# Politeness on MO/MetaMO

On at least two occasions some advanced MO users included in their comments phrases which were less than polite. I hope that these are isolated instances or else I would quietly and simply leave MO without a word. I don't know if these were the cases of autism or because their English is poorer than mine (I doubt it--my own English is poor enough).

If people would leave MO because they value politeness above MO imperfect manners then whom are the advanced users going to pester? :-)

PS.   At this time  ( 2014-11-22, h.22:06 of the USA Central Time Zone )  there are $\ 5\$ up-votes and $\ 8\$ down-votes (like they were needed in this case :-) -- one may wonder who is who? It's ironic that a simple request for being polite causes such a downpour of excitement.

• It's hard to have a discussion about this without concrete examples. I suspect that almost everyone agrees that it is important to be polite, but that there is disagreement about what this means in practice. Nov 21, 2014 at 19:40
• Please flag instances of rudeness that you see, to bring them to moderator attention. Either the moderators will find merit in the flag (and typically delete the offending comment, or perform some other suitable action), or dismiss the flag as not rising to that level. I too have recently been seeing comments directed at questions which don't belong at MO which I thought unnecessarily harsh. Autism/ASD or not, rude/offensive comments should generally be removed.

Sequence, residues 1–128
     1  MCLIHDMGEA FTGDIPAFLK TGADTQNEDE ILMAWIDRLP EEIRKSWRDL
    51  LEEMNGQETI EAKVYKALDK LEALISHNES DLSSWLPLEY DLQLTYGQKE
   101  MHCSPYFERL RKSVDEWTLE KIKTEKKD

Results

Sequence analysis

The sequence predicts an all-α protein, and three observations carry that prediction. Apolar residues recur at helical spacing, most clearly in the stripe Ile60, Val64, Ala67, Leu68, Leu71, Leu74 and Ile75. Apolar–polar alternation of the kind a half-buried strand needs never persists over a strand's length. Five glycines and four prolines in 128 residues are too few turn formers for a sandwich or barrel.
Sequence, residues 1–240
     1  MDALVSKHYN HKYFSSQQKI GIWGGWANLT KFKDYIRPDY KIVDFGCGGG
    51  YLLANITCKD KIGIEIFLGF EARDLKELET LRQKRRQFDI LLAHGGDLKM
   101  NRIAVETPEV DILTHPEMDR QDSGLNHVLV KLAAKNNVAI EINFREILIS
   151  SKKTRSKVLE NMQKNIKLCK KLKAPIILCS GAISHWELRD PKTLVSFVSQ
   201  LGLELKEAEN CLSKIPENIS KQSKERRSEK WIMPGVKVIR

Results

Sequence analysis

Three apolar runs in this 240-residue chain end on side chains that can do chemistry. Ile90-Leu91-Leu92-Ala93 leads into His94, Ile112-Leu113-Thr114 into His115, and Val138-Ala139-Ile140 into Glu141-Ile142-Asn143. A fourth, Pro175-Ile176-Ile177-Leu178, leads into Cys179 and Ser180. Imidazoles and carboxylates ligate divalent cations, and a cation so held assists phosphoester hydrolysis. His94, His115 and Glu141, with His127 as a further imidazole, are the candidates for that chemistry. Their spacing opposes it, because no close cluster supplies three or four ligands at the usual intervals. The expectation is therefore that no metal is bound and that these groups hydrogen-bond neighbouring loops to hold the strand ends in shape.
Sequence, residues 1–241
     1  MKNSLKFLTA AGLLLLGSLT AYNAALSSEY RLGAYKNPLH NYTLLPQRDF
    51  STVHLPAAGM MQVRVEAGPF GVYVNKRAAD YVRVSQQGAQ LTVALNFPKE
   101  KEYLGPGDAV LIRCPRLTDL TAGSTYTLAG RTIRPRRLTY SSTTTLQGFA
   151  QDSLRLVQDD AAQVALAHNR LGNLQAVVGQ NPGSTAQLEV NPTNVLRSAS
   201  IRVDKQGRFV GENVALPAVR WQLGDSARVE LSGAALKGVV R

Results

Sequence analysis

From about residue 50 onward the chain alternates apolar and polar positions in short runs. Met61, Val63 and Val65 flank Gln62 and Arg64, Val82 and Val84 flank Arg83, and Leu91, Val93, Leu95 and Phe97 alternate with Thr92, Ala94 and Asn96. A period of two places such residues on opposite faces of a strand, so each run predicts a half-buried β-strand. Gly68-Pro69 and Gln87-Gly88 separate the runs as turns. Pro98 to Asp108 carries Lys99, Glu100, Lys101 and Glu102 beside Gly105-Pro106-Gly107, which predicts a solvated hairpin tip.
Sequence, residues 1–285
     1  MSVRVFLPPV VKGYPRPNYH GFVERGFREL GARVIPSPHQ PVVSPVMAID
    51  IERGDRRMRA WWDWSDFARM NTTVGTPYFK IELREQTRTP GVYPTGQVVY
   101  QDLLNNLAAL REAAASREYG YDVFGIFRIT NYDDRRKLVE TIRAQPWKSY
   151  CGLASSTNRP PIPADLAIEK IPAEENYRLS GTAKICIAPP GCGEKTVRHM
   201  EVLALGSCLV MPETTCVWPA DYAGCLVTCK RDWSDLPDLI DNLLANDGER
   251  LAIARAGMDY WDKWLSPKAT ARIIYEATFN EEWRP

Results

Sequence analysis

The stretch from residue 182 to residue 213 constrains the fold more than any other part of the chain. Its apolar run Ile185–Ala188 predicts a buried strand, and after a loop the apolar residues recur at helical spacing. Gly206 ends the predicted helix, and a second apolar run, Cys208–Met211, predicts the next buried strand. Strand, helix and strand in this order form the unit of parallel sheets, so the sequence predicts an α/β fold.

– Todd Trimble Mod
Nov 21, 2014 at 19:47
• @ToddTrimble, I didn't say rude, I said less than polite (something like giving direct orders rather than using a phrase of the kind: would you... or would you, please, ...). Nov 21, 2014 at 19:52
• Włodzimierz, please be more specific, so that we can better respond to your post. Is it a case where the OP says something like "Prove this statement"? I'm not sure what you would like the community to do about this exactly, but we moderators are here to help if we can.
– Todd Trimble Mod
Nov 21, 2014 at 20:18
• Włodzimierz: would you please be more specific? (My previous comment was not to insult you or to be "less than polite; a lot of people are put out when a poster uses the imperative form "Prove that...", and for all I knew you were among them.)
– Todd Trimble Mod
Nov 21, 2014 at 21:13
• @Wlod, you can send email to Todd and the others at moderators@mathoverflow.net . You can put the name Todd in the subject line, for example. That way you can answer Todd without, well, without anything going wrong. I've done that a few times over the years, i think it is a good option with divisive material, and any of the moderators may choose to reply if they find a reason to do so. Last time I did that, I was taken aback by the way someone interpreted a comment i had made, really threw me. Todd was very nice about it all. Nov 22, 2014 at 0:52